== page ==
Eugene O’Neill was essentially an American playwright and sometime poet who received the honour Nobel Laureate in Literature in 1936. Much of his work could be said to have a tragic quality about it but there were light-hearted pieces as well. One strange coincidence in his life that he was born in a hotel room and died in one too, although not the same room!
He was born Eugene Gladstone O’Neill in October 1888. The fact that his father, James O’Neill, was one of the most famous actors of his time might explain why he was born in a Broadway hotel room in New York City. As a catholic Eugene was inevitably sent to a boarding school of that faith and the only thing that kept his spirits up seemed to be books. He was a voracious reader and was thus inspired to write himself. His tenure at Princeton University was cut short for disciplinary reasons; the precise offence that caused his expulsion cannot be verified but it seems that there were a number to choose from.
O’Neill’s lifetime obsession with the sea began when he served on board ships in the years immediately following university but it seems these were not happy times at all. He suffered bouts of depression and drank excessively. Fortunately he did not go as far as his older brother who died young through drinking. He later carried forward his maritime experiences into his plays, with a number of them set in similar locations to those he had been in himself.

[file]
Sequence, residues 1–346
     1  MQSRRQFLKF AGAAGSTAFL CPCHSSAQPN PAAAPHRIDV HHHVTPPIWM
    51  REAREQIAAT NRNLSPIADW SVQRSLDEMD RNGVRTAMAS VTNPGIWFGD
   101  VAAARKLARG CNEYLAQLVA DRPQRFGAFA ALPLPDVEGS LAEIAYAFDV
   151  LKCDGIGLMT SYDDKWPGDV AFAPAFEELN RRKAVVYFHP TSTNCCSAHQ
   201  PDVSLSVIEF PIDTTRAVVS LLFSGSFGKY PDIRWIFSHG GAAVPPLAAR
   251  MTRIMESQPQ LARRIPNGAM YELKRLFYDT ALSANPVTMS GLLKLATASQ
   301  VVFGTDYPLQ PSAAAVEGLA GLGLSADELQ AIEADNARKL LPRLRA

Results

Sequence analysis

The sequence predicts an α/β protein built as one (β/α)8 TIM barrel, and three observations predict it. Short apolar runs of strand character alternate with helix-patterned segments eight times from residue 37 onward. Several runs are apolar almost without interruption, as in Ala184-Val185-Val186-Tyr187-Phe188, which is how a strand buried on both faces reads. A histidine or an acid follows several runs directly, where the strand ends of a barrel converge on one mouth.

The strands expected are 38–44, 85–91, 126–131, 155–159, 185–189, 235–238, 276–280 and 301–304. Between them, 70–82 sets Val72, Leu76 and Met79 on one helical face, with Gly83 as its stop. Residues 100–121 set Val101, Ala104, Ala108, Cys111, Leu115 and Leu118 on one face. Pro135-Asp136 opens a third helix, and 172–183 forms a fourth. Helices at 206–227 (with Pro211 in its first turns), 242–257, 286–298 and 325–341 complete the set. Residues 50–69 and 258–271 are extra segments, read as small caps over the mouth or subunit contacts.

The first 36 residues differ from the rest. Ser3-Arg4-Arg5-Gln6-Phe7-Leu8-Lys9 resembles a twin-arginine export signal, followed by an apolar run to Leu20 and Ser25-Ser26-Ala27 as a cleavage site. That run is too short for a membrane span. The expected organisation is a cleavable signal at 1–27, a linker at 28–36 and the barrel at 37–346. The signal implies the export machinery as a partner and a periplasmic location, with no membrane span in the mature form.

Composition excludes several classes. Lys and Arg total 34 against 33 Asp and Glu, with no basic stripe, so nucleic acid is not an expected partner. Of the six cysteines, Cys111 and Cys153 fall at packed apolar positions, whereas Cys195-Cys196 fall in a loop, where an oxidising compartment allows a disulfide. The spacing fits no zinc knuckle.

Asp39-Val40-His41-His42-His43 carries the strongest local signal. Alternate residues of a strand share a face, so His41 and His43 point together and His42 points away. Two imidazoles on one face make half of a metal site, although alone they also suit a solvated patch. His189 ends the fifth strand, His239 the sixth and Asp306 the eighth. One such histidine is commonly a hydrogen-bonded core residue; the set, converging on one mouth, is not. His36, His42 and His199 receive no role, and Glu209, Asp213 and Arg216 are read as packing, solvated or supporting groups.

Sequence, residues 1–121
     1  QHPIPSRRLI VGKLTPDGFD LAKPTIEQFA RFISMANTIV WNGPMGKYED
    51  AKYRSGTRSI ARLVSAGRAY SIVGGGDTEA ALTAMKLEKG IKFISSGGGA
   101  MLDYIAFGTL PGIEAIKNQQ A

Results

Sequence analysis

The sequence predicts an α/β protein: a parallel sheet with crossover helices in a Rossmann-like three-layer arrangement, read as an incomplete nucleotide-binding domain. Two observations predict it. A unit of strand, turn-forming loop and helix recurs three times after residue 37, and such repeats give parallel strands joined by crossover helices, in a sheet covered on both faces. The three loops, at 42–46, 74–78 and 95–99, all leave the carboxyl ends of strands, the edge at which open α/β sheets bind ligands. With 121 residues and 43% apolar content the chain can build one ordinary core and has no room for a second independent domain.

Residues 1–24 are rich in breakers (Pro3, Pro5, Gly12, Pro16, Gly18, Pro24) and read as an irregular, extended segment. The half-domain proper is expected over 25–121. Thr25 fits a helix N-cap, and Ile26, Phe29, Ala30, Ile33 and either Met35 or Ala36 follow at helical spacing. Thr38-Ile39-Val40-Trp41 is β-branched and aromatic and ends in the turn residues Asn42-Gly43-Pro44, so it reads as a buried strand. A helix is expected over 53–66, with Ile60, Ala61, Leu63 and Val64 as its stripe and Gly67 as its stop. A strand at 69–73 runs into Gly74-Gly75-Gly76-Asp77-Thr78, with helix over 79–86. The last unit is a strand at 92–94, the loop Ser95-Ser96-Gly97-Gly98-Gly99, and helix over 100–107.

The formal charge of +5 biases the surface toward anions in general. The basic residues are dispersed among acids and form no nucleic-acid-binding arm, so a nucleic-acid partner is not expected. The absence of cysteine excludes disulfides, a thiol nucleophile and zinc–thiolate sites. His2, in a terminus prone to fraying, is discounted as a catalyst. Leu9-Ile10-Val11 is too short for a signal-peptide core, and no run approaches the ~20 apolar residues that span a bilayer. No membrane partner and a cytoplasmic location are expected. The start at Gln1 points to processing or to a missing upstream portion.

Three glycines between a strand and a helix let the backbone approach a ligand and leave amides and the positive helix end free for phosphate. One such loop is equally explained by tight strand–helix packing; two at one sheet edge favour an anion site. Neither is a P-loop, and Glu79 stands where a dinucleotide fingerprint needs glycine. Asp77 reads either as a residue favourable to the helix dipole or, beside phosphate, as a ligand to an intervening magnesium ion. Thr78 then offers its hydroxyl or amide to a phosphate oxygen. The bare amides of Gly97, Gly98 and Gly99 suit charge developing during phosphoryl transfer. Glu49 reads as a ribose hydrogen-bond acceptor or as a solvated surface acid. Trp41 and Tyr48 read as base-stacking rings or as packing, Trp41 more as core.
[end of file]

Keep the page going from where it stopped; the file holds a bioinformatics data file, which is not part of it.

A turbulent early life included a short-lived marriage and a spell panning for gold in Honduras. He just could not settle to anything and seemed to be on a path to self-destruction, being constantly seen in the bars of New York and without a home to call his own. This was all before he had reached the age of 24 and he became dangerously ill with tuberculosis at one point.
Despite his “dropout” lifestyle he made contacts amongst writers and actors involved in the Greenwich Village literary scene and impressed them with the plays that he had written already. A company called the Provincetown Players performed some of his work and, by 1920, O’Neill’s first play was being performed on Broadway. It was called Beyond the Horizon and was so well received that it won a Pulitzer Prize. He had many more hits during the next 26 years culminating with the famous The Iceman Cometh in1946.
Throughout his life O’Neill experimented with different styles of writing. He favoured Faustian themes and his work is probably categorised by three main periods: realist, expressionist and finally back to the realist phase. He sought to capture the human spirit in much of his work and was heavily influenced by the likes of Carl Jung and Sigmund Freud, amongst others of their ilk.
His family life was certainly unhappy and, interestingly, he disowned his daughter Oona when, at the age of 18, she married the famous Charlie Chaplin who was 36 years older. Tragically this rift was never healed as O’Neill died only three years later. His wife and other children all suffered various forms of substance abuse; his two sons Eugene Jnr and Shane both committed suicide.
Despite suffering with his own health, especially towards the end, he still managed to produce work of a less gloomy nature than could be found in the majority of his plays. Take, for example, the poem It’s Great When You Get In which is a wry observation about never letting people talk you into something you know you shouldn’t do (in this case swimming in the frozen sea!):
Eugene O’Neill died in a Boston hotel room on the 27th November 1953 of a cerebellar cortical atrophy. He was 65 years old.